Elizabeth Sombart Well Positioned Ahead of 2023 Grammys

When you’ve done it all, where do you go next? For Elizabeth Sombart, the answer was a little bit more intricate than you might think. Releasing her newest album release Singing the Nocturnes at the start of 2022, adding to a career as varied as hers undoubtedly seemed a little daunting. She had made a living and wonderful discography out of putting her take on some of history’s all-time greatest composers and their works, and it wasn’t like Beethoven was around with new material — thankfully, Sombart knows a thing or two about classical music, and her approach happened to be a little bit more subtle. Turning to Chopin, it wasn’t long before Singing the Nocturnes fell into place, and the rest is history.

WIKIPEDIA: https://en.wikipedia.org/wiki/Elizabeth_Sombart

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Sombart is no spring chicken when it comes to covering iconic maestros, and thankfully, her nerves are made of steel when it comes to tackling material some might consider too great to improve upon. Her humble, flittering piano fingers undoubtedly do all the heavy lifting, and improving upon perfection is never the goal, as she merely serves as a conduit for the music she plays. At twenty-one tracks and two hours in length, Singing the Nocturnes is not an easygoing, beginner’s guide to Chopin right out of the gate. Those new to classical music will undoubtedly be apprehensive about the daunting runtime, but Sombart wisely eases listeners in with some of Chopin’s greatest works before segueing into material less focused upon. It’s a great mesh of earworms and melodies that will hit the eardrums like new, and the sequencing gives listeners plenty of room to take intermissions in their own time.

With Chopin in her back pocket, Elizabeth Sombart manages to pull things together with flying colors and deliver a classical album that is both refreshing to the genre’s biggest fans and enjoyable for those just dipping their toes. I could easily see some of Sombart’s renditions being played and studied in a music theory class as her soft piano voice sheds warm light on what feels like one of her favorite composers just from the attention to detail and admiration the music seems to emit.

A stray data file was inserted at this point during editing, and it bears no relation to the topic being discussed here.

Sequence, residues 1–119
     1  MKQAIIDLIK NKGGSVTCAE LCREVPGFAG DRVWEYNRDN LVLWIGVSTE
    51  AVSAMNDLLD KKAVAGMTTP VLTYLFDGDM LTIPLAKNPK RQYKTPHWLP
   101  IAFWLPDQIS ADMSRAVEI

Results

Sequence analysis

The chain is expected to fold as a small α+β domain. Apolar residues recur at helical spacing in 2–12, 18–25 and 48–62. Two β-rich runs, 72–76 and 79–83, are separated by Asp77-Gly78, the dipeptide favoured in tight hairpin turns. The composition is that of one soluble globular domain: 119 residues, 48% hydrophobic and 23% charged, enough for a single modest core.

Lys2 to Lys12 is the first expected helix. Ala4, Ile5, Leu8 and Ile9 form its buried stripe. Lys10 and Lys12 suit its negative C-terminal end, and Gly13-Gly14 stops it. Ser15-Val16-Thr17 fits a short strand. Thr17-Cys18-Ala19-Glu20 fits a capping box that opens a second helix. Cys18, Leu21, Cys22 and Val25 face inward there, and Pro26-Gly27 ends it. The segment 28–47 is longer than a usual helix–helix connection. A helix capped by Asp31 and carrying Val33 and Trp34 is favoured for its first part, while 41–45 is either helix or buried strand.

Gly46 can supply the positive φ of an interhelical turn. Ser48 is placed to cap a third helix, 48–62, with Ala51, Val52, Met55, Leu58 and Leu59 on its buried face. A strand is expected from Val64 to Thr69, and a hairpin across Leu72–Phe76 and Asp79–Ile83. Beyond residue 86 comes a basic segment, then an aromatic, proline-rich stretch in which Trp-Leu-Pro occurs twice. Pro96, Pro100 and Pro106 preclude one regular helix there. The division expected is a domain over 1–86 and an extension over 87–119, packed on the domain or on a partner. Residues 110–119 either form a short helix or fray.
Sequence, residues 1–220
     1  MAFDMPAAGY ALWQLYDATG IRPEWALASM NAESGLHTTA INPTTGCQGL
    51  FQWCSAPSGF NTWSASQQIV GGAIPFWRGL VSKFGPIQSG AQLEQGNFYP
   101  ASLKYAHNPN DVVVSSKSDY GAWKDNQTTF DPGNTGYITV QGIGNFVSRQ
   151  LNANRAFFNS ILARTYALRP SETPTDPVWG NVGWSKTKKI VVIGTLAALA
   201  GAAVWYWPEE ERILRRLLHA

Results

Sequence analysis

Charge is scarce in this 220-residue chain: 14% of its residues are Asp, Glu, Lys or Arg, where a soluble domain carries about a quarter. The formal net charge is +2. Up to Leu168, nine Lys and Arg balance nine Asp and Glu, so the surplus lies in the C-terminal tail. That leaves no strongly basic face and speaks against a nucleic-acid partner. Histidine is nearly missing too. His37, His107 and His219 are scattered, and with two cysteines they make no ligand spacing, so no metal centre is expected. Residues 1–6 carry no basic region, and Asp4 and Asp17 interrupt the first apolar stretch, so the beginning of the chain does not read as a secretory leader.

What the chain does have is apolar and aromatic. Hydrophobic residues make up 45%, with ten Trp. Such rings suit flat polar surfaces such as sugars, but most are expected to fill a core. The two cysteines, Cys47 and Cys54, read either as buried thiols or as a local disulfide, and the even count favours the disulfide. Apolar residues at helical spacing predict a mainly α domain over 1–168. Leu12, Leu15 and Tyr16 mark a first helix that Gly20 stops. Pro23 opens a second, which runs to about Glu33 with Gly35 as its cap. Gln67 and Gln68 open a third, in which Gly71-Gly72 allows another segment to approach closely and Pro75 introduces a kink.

As a crown jewel of a storied career, Singing the Nocturnes will do anyone even modestly intrigued by the classical music genre a major favor by absorbing them and molding them in the shape of Chopin’s finest works. Sombart allows the music to speak for itself, as she modestly hides her grand achievements within the patchwork of her music — she received the rank of Chevalier de l’Ordre National du Mérite in 2006 for her lifetime achievement, and in 2008 was awarded the rank of Chevalier de l’Ordre des Arts et des Lettres for her artistic career. Sombart is the type of artist to never let you know it, though, and her humble approach to the music is everything missing in contemporary radio hits these days. There’s a feeling in my gut that Elizabeth Sombart is only just starting on her next mission, and this rest stop with Chopin is a phenomenal first step into the future.

Zachary Rush